10. December 5, 2010 9:07 pm

    @redlami You know, that Grandma song is fun if your grandmother(s) are still alive, but trust me, once they’re not anymore, it’s not quite as much fun. 😦

  11. December 5, 2010 9:11 pm

    @evmaroon You know, even that Jingle Cat song wasn’t as bad as the Singing Dogs, though the fact that they made it a “country” song doesn’t help in any way!

  12. December 5, 2010 9:15 pm

    @Q.V. absolutely! A hit Christmas song is something huge, but you have to be the song writer, not the performer to keep getting those royalty checks (which also explains why some songs are always performed by anyone doing a holiday album: those tunes are in public domain and don’t require royalty payments).

  13. December 5, 2010 9:22 pm

    Here’s a bonus tune I considered adding but wasn’t sure if it was well-known enough to use:

    Yorgi Yorgesson – “I Yust Go Nuts at Christmas”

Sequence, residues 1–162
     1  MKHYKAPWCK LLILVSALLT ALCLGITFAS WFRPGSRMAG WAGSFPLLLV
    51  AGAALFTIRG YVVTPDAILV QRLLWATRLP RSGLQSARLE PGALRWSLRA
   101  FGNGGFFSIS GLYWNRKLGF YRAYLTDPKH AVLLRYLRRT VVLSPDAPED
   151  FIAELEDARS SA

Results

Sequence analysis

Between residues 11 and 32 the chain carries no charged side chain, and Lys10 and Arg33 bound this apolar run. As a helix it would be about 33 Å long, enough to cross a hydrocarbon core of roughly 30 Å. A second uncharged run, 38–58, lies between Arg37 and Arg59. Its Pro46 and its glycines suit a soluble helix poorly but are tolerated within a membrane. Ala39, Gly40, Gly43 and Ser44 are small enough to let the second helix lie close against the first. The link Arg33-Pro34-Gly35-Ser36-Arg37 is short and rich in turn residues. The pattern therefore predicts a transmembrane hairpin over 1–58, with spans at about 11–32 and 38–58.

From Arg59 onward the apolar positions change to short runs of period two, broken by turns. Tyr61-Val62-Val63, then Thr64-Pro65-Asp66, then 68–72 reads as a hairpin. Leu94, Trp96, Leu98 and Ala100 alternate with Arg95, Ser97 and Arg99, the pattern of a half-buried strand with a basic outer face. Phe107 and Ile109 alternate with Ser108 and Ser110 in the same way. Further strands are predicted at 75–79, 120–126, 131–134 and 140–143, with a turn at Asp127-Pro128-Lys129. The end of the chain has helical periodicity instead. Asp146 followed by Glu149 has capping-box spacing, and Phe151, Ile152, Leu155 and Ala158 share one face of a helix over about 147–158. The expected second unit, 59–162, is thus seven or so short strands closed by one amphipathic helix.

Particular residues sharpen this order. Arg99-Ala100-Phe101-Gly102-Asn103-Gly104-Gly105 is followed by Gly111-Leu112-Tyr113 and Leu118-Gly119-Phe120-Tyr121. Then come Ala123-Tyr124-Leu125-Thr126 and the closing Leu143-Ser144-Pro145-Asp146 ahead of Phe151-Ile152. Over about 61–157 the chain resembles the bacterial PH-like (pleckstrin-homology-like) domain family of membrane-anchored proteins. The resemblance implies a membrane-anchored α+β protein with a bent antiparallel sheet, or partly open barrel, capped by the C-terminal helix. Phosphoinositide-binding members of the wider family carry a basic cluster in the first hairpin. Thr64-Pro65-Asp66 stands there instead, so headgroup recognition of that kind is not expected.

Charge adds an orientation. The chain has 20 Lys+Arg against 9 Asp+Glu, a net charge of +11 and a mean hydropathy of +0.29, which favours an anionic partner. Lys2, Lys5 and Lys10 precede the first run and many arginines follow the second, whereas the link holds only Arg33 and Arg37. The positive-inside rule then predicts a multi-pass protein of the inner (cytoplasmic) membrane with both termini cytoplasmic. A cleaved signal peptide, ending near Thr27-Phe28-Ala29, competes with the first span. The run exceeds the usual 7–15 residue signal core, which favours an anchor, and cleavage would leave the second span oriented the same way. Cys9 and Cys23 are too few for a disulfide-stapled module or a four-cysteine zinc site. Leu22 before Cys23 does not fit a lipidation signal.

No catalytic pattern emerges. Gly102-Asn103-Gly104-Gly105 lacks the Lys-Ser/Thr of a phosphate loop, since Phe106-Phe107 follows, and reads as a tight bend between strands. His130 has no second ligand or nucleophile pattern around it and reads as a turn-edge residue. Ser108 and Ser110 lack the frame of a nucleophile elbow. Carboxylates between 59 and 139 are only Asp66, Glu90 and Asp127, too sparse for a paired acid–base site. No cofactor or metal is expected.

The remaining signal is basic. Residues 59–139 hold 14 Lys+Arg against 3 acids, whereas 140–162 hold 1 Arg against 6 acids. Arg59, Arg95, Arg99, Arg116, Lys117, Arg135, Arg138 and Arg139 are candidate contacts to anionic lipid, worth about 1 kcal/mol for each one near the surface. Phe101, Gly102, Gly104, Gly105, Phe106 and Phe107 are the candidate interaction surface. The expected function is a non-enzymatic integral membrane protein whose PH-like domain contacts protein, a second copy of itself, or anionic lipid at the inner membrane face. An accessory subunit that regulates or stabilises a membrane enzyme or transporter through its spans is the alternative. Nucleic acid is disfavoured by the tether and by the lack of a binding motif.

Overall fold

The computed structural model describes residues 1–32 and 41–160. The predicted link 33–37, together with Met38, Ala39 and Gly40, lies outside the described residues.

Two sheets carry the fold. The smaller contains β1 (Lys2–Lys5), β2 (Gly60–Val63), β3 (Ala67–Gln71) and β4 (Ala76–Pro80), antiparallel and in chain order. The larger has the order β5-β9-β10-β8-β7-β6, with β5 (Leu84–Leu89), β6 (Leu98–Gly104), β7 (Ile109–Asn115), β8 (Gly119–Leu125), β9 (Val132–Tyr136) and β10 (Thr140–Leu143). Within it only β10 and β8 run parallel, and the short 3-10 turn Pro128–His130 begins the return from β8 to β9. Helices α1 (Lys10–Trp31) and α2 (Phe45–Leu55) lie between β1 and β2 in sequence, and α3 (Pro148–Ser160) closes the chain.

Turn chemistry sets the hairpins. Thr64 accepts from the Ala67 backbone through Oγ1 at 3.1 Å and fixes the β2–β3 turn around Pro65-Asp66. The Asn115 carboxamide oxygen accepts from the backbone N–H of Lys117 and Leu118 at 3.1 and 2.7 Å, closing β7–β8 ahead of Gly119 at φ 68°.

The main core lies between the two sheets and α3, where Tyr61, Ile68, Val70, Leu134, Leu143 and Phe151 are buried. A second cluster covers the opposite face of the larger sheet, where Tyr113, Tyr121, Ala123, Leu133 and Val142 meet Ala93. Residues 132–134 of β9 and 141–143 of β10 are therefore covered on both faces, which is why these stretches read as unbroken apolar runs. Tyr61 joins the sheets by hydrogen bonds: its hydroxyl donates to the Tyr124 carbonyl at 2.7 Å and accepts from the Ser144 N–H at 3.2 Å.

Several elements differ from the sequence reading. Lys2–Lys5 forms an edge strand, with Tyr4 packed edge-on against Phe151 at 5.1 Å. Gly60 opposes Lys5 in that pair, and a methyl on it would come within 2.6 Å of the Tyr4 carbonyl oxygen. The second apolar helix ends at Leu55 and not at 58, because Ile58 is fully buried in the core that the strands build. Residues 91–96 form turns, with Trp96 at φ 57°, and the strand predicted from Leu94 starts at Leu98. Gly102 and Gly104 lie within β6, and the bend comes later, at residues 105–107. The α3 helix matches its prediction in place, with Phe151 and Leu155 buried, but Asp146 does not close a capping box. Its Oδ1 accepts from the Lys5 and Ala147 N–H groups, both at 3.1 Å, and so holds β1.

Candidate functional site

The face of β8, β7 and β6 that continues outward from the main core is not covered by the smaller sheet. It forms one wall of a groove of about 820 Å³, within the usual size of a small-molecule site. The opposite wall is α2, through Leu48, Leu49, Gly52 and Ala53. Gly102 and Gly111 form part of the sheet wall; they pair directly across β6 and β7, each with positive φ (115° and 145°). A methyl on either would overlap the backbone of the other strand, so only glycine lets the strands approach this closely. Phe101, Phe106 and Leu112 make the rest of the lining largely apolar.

This song starts out like a sorta lame and humorous thingy, as you would expect, but when Yorgi starts talking, it becomes a true psychologically traumatic tale of passive-aggressive family members, overexcited children, over inebriated dads, and more freaky events that would qualify as “oversharing” by our standards! Enjoy!

  14. LaLARoo permalink
    December 6, 2010 1:58 am

    1. That Paul McCartney song makes me happy. Always has. Always will. God Bless Macca and his cheese.

    2. The others all blow hard chunks EXCEPT for Garfunkel and Oats’ “Present Face” which is right on and adorable… not to mention, highly original in a time of the year filled with the same regurgitated crap that’s redone over and over again.